Usually, the focus of our event coverage is on the players and their epic conquest of making the cut for Day 2, the Top 8 or in some cases some particular Pro Points threshold that would secure them Silver, Gold or even Platinum Membership in the Pro Players Club. While this article is also about leveling up, we're approaching the topic from a very different direction.
You see, all of these events wouldn't be possible without the help of our dedicated judges that are investing just as much time as many of the players do to ensure a fair environment where we can eventually crown the Grand Prix champion.
I sat down with Daniel Kitachewsky who has been promoted to a level 4 judge this weekend to ask him about how his journey started. Without further ado, here's the full interview.
Daniel, when did you first decide to be a judge?
"I started playing competitively in 2004 and in 2005, I decided to become a judge. I wasn't happy with the job the judges did in our local store and I thought that I could do better and that's how it all started.
"Since I knew the rules pretty well, I thought it couldn't be that hard and well, it's enough to get you started."
So did you end up at a point where rules knowledge was no longer sufficient to level up?
"In 2006, I already became a Level 2 judge - up to that point, it's mostly about rules knowledge. After that, I started judging at a lot of Grand Prix and the Pro Tour.
"I got a few backlashes since I was perceived as very harsh. I was very strict with the rules and I never thought of the many other aspects of judging, like the interaction with people."
"So basically, I had to learn a little more diplomacy to better interact with players as well as other judges."
Can you give us an example?
"If a judge made a mistake back in 2006, I would go up to him and tell him - sometimes even in front of the players - that he just messed up. It's much better to pause the game and tell the players that they need to wait for a second. Then you take the judge away, talk to him in private and after you worked out what went wrong, you're having him fix the game state so he doesn't lose face in front of the players. It's much better this way."
What's the biggest difference between a lower and a higher level judge?
"As a level 3, you have to educate other judges. For this, you need to see their points of view and take into account that they have different backgrounds and experience levels. So it's a lot about diplomacy and there's often no "right" and "wrong". You have to come up with individual solutions that are tailored to the person in question."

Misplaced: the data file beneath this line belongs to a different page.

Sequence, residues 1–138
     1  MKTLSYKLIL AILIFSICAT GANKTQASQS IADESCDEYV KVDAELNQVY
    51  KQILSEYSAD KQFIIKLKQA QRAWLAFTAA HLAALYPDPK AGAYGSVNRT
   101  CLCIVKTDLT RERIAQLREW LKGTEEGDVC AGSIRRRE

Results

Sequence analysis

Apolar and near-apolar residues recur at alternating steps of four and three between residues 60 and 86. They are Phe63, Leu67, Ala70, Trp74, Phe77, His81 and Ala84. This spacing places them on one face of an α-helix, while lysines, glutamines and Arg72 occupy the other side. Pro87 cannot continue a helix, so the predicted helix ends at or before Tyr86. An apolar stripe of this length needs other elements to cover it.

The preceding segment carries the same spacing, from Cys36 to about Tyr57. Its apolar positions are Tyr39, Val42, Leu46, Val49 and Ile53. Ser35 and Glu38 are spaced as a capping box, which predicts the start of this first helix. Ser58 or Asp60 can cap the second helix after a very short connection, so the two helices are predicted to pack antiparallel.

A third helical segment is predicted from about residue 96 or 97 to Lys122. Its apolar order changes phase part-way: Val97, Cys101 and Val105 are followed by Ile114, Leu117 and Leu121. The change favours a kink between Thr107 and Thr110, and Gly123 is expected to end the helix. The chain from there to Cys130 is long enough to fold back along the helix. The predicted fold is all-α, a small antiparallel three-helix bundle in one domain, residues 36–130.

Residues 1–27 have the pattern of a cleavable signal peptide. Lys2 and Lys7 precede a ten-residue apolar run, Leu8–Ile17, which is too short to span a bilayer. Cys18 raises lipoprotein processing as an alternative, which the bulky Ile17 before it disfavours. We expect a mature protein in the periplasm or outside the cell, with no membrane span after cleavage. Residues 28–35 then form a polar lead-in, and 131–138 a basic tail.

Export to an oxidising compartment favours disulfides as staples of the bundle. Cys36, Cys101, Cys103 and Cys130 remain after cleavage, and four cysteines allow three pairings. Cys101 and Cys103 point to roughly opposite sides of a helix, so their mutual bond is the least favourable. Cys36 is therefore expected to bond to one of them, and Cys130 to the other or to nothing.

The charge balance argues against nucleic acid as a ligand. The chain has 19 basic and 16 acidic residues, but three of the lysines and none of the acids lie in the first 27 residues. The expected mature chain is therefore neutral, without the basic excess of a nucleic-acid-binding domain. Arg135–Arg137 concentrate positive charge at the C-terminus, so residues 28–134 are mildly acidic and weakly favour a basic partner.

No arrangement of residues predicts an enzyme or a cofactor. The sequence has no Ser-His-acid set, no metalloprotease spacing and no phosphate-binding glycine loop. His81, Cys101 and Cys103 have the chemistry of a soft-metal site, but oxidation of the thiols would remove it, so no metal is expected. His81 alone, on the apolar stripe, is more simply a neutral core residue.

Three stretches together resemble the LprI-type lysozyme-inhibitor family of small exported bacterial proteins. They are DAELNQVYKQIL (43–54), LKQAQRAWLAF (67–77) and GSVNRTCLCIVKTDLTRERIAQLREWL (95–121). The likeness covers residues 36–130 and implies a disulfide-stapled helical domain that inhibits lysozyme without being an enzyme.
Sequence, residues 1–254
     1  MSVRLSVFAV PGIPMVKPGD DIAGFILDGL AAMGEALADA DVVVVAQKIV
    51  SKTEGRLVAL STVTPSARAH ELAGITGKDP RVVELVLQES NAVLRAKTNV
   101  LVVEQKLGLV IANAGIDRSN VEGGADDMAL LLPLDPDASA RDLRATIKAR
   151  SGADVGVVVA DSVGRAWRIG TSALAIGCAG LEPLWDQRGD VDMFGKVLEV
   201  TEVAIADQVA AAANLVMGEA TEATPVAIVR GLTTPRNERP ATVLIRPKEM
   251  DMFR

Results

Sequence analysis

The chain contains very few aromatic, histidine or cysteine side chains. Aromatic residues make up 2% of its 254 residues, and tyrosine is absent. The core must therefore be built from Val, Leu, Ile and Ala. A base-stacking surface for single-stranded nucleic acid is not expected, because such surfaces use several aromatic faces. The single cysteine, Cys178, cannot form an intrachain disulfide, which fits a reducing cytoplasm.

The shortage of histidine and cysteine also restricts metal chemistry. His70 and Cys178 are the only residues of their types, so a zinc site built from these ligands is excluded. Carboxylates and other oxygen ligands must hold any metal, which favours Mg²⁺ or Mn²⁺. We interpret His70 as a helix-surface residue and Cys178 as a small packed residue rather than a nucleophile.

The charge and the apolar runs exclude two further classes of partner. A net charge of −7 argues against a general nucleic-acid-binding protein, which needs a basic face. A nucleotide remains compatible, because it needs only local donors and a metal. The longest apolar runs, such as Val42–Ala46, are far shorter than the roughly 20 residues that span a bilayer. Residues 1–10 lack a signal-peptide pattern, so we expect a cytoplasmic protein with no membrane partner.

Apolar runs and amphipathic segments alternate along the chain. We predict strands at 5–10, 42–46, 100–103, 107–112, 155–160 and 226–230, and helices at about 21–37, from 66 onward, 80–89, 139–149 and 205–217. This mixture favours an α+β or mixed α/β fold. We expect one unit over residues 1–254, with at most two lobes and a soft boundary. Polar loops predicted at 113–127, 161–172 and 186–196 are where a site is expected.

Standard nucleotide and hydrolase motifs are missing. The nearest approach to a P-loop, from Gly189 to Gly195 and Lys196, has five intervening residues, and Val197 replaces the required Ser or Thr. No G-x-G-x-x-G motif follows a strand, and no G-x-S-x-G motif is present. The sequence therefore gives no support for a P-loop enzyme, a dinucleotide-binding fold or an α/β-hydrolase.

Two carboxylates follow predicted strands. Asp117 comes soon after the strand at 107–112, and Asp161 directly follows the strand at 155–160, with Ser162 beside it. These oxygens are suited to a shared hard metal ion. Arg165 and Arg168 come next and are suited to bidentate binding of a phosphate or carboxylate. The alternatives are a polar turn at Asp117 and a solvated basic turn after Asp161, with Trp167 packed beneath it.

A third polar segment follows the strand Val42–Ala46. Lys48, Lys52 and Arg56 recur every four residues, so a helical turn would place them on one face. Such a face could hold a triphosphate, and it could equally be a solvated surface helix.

What do you enjoy the most about judging?
"Right now, I'd say it's understanding different cultures. In the last 6 months, I was in charge of level 3 testing. This is something where you cannot treat every region in the world the same anymore.
"As soon as you're talking about organizing a community, there are a lot of regional differences; you have to take a different approach in the US when compared to the EU or Asia."
"To give you two very short and specific examples: In the west, there is a strong culture of giving feedback. You give people written evaluations and they will appreciate it.
"In Asia, this is mostly unacceptable. It is most important for people to keep face and if you're writing something that could "condemn them", this could in theory be used against them to make it obvious that they have committed a mistake. That is simply not possible, so you need to find other ways to deliver your feedback."
"The second example is very specific for Japan. There is a strong relationship between mentors and apprentices over there. In their culture, it is almost impossible for an apprentice to ever "overcome" the master.
"So that means that the leader of the program in a particular region over there always has to move up first, otherwise the whole program in that region won't move in any direction."
Why should someone else start to become a judge and how can they do that?
"It's a very different way of experiencing the game. In my opinion, it's super interesting and you can experience and learn so many different things - traveling, making friends, interacting with people, etc. - all of this is very rewarding."
"The how is easy - just talk to a judge, he will know about the available resources and point you in the right direction."
Thank you for the short interview, Daniel!